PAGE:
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In 2011–12 conflict continued to be a major concern for the international community, most notably in the Middle East, western Asia and Africa, but also with increased levels of interstate tension in East Asia. Nevertheless, deaths resulting from major organized violence worldwide remained at historically low levels.
Perhaps the biggest single factor that has shaped the significant global decline in the number of armed conflicts and casualty rates since the end of the superpower confrontation of the cold war has been the dramatic reduction in major powers engaging in proxy conflicts.
However, the relationship between states and conflict may be changing once again. In recent years there has been an increase in the number of intrastate conflicts that are internationalized—that is, that have another state supporting one side or another. Such involvement often has the effect of increasing casualty rates and prolonging conflicts.
Shifting interests and changing capabilities as a result of a weakening of the unipolar post-cold war security balance and the emergence of elements of multipolarity are clearly affecting the overall international order, even while levels of conflict remain relatively low.
Nevertheless, some developments in 2011–12 could be seen as warning signs that if the positive trends in conflict that emerged in recent decades are to be sustained, new ways need to be found to build cooperative international relations to manage the changing global security order.
Mali, Syria and Yemen were ravaged in 2012 by armed conflicts related in one way or another to the Arab Spring. All three cases point to the importance of understanding the Arab Spring and its repercussions in order to fully grasp regional conflict developments. They are all to some extent defined and influenced by the major political upheavals in 2011.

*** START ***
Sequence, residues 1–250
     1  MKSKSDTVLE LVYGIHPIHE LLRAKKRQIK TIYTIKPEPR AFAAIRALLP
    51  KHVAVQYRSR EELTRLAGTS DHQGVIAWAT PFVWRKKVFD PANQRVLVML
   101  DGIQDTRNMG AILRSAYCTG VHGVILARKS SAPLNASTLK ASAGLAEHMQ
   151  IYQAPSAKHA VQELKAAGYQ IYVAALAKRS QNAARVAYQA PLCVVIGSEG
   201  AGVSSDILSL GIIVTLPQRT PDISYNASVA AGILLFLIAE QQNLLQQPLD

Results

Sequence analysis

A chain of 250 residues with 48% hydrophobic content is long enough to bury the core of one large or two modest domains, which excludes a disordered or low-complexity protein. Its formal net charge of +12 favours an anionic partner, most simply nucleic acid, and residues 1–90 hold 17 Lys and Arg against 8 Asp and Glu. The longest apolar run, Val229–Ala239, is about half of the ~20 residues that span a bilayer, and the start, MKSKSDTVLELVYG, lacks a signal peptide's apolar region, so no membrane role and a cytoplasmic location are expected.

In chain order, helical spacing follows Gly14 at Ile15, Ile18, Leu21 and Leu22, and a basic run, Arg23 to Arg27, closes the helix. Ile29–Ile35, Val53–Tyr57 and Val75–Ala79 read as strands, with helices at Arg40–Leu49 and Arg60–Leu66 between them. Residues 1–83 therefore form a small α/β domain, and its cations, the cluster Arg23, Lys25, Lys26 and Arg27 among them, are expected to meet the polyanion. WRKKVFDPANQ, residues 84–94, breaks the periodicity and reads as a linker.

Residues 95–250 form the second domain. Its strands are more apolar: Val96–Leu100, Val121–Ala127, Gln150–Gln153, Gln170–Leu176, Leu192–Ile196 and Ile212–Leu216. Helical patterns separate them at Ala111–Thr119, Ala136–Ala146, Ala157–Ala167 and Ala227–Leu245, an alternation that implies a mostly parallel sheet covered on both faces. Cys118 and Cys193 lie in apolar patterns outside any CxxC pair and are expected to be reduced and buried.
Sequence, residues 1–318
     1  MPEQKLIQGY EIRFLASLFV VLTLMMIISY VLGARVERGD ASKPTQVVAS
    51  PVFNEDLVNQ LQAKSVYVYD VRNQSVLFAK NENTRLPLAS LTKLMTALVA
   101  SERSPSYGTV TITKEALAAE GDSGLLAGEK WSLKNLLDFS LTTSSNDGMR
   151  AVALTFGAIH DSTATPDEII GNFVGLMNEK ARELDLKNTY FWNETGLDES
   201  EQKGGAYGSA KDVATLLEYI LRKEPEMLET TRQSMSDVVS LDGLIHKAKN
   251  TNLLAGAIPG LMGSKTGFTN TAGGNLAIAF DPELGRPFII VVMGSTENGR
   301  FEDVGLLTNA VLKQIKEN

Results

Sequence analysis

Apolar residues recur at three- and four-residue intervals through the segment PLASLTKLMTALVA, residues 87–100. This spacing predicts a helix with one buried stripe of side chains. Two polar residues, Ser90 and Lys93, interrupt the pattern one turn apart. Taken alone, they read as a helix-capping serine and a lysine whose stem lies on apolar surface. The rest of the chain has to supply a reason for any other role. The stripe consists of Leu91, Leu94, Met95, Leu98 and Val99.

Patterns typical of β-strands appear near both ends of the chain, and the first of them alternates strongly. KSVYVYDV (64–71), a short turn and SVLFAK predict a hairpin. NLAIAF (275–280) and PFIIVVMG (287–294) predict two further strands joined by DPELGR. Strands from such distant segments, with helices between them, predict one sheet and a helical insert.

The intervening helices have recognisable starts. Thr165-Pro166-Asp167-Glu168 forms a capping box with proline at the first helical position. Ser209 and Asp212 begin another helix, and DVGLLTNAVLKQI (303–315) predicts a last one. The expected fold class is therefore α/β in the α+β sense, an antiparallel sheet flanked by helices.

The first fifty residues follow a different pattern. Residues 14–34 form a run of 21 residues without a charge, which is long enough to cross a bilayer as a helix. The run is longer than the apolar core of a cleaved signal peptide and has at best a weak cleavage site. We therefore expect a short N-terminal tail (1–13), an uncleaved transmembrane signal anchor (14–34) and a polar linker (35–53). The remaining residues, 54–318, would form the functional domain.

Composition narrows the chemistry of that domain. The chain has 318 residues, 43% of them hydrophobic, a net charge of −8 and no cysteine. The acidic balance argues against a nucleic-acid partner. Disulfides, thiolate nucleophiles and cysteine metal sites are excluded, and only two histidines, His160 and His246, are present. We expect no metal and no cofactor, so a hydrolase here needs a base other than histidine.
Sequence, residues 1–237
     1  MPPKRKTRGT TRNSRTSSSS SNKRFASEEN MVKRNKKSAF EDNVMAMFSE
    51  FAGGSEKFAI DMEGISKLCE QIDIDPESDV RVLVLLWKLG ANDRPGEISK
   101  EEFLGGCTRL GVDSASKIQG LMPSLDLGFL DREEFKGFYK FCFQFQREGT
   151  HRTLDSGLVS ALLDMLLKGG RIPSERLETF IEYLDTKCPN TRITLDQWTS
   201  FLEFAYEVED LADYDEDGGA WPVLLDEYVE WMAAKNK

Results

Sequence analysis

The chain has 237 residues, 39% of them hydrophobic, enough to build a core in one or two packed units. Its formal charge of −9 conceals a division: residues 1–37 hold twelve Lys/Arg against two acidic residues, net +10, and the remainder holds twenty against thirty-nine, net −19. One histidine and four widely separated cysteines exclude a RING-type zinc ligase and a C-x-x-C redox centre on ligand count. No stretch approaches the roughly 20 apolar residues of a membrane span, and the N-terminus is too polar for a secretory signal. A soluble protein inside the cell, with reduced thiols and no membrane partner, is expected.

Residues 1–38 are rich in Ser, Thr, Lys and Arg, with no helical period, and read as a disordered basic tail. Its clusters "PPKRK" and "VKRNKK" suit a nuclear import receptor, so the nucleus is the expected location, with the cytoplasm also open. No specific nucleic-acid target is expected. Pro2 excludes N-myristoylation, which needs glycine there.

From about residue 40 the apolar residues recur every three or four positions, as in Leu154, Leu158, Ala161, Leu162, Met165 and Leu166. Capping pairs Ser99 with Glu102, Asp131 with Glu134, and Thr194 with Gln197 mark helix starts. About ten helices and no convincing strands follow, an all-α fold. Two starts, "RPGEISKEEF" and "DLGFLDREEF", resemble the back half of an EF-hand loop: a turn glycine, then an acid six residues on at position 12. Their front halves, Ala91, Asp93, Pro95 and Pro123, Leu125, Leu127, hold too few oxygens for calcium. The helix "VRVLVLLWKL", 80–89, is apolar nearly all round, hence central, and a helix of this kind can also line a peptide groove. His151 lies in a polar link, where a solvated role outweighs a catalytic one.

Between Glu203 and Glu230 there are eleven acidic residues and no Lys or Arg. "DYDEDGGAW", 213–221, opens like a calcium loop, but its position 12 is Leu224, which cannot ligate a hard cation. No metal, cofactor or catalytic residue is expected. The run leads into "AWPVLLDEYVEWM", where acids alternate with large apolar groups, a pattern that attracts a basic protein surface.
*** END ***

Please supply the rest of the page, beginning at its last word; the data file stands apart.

While the chain of events set in motion by the Arab Spring was different in each country, depending on the domestic contexts, Mali, Syria and Yemen illustrate general phenomena central to peace and conflict research: conflict diffusion and conflict escalation. There is a clear risk that conflict may spread and escalate further in this region. However, just as the present conflicts were difficult to foresee at the outset of the Arab Spring, the future paths of conflict are equally difficult to predict.
More than 30 years of relative peace have contributed to making East and South East Asia the world’s main economic growth region. Yet the peace seems by no means secure. While states have avoided direct conflict with each other and have stopped supporting insurgent movements on each other’s territory, decades-old suspicions linger and economic integration has not been followed up with political integration.
Increasing tensions since 2008 have been underpinned by rapid military build-ups in several countries, notably in East Asia. Meanwhile a number of intrastate armed conflicts—in Myanmar, the Philippines and Thailand—remain active in South East Asia, and some of these have escalated in recent years.
A deepening of peace in the region will require improvements in several bilateral and multilateral relationships, notably between North and South Korea; China and Japan; China and ASEAN; and China and the United States.
The Uppsala Conflict Data Program (UCDP) maps organized violence around the world according to three categories of violent action: state-based conflict, non-state conflict and one-sided violence.
The overall number of incidents of organized violence resulting in the deaths of at least 25 people in a particular year (the threshold for counting by UCDP) was slightly lower in 2011, at 98, than in 2002, when it stood at 114. This was solely due to a decrease in incidences of one-sided violence; both state-based and non-state conflicts were more prevalent in 2011 than in 2002.
In the 10-year period 2002–11 there were 73 active state-based conflicts, including 37 that were active in 2011; 223 non-state conflicts, including 38 that were active in 2011; and 130 actors recorded as carrying out one-sided violence, including 23 in 2011.
The three categories show markedly different patterns over time. The annual number of non-state conflicts can rise and fall sharply, displaying no obvious trends. In contrast, major changes in the number of state-based conflicts tend to happen slowly.
Developments in the incidence of one-sided violence fall somewhere between these two extremes. The data for 2002–11 illustrate the difficulty of drawing direct links between patterns in the three categories of organized violence. The different categories can certainly influence each other (as shown by the examples of the Arab Spring and East and South East Asia). However, the mechanisms are complex, and understanding them—let alone how to manage them—requires in-depth, case-based study